Have you seen this bug?

The invasive cereal leaf beetle is heading our way. Look for damage in your wheat crop

An adult cereal leaf beetle.

There’s a new pest headed our way. James Tansey, provincial pest management specialist with Saskatchewan’s Ministry of Agriculture gave the audience the bad news at SaskWheat’s semi-annual meeting at the Farm Progress Show on June 20.

The cereal leaf beetle is an invasive pest, common in the U.S. It has been spotted on the Prairies for the past few years and is likely to become more common.

“the little beasts can strip all the green tissue,” James tansey said. photo: Mike Dolinski, Agri-Trend Agrology

This insect causes yield and quality losses by damaging leaves and limiting photosynthesis in the plant. It feeds on oats, barley, rye, wheat and corn.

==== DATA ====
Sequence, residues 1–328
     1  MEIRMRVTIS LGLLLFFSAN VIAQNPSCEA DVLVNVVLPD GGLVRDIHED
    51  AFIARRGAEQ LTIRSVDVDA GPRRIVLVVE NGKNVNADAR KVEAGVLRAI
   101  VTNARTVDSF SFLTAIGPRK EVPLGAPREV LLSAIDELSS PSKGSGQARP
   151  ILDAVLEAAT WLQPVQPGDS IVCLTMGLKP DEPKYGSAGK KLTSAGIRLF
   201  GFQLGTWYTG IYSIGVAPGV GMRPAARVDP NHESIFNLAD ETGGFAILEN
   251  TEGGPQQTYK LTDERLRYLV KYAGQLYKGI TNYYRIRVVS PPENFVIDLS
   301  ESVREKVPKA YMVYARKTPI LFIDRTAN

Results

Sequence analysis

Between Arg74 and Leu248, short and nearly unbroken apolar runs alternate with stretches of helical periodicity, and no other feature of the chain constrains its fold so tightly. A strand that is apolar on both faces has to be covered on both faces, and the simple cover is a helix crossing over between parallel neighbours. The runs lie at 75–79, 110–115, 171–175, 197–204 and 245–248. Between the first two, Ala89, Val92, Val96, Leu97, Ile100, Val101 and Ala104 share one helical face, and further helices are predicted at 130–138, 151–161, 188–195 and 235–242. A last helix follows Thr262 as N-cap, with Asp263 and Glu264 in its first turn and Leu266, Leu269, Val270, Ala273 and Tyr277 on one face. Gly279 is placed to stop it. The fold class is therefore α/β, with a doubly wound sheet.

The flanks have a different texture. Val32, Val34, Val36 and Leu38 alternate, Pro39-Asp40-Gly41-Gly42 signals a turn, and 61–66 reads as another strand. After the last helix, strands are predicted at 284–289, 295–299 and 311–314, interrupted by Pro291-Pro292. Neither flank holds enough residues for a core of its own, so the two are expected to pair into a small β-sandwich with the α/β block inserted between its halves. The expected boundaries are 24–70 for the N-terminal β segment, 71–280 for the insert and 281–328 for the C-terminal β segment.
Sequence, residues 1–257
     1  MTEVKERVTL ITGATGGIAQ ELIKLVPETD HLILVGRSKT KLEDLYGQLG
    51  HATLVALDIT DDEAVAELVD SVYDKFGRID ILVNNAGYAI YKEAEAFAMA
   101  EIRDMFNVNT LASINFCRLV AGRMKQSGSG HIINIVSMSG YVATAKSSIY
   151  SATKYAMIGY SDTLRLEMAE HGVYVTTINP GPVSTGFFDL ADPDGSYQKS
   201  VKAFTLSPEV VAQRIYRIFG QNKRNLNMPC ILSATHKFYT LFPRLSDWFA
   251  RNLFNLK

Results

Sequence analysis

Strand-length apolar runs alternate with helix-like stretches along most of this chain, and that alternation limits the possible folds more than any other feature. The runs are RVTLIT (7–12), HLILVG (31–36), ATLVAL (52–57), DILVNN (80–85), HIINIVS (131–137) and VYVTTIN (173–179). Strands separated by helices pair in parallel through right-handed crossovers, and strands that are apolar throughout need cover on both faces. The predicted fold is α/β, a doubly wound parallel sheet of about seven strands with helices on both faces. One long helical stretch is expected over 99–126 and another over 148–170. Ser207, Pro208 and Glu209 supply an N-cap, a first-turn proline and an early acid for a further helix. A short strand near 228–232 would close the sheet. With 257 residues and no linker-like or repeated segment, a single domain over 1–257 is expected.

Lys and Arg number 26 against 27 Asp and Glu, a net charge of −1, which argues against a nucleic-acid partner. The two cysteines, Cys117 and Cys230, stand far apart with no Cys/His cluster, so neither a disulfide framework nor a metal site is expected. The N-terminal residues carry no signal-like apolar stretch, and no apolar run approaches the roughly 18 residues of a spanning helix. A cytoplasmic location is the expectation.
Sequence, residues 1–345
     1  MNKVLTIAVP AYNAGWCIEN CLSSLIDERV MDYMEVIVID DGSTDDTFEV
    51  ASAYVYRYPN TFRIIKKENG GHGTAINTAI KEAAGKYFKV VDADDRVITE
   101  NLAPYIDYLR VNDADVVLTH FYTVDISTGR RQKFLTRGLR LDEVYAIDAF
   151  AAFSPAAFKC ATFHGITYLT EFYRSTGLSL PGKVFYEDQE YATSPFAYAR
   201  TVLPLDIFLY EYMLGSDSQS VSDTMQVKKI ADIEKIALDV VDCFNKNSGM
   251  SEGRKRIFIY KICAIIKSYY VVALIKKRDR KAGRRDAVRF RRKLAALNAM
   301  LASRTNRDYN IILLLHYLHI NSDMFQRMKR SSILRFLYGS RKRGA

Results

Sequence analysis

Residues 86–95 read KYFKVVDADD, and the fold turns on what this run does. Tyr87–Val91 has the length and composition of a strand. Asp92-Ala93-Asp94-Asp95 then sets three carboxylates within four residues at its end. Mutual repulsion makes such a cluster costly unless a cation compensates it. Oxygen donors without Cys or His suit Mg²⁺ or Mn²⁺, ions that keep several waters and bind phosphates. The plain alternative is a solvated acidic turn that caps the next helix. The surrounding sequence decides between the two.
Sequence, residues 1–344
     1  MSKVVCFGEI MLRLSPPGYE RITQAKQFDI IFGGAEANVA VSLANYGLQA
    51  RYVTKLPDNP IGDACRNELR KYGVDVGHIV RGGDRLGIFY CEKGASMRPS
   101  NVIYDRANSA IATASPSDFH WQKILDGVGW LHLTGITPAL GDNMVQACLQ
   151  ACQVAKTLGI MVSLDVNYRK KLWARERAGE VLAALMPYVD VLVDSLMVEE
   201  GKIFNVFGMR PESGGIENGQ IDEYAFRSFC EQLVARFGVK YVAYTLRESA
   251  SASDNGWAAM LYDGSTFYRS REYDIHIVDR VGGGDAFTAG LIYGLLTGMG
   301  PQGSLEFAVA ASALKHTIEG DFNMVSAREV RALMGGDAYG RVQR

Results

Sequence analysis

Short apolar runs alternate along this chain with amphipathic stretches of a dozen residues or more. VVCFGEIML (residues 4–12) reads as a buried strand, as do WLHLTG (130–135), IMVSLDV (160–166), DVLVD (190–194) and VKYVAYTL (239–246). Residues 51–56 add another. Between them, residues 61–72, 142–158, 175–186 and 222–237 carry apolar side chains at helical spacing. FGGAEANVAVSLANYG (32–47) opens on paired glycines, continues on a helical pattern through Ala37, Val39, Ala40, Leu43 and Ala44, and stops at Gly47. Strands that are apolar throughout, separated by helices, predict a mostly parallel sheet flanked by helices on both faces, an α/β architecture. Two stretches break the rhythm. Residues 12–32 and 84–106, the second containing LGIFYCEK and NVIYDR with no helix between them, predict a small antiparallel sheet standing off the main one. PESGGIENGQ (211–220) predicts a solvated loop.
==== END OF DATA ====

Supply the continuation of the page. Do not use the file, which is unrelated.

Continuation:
If you see feeding damage that you think has been caused by the cereal leaf beetle, get in touch with your provincial pest specialist, to help them out with their informal survey of the spread of this pest.

Spraying will not likely be necessary at this point. And it may be that biological control is more effective than chemicals for this particular bug. Watch for more information on this topic and how the cereal leaf beetle spread in the 2018 growing season in a winter issue of Grainews.

In Saskatchewan: email James Tansey at [email protected]. In Alberta, Scott Meers [email protected]. For Manitoba farmers: John Gavlovski [email protected].

If you see damage of this type in your cereal crops, get in touch with your provincial pest specialist. photo: Gary Brown, USDA Animal and Plant Health Inspection Service

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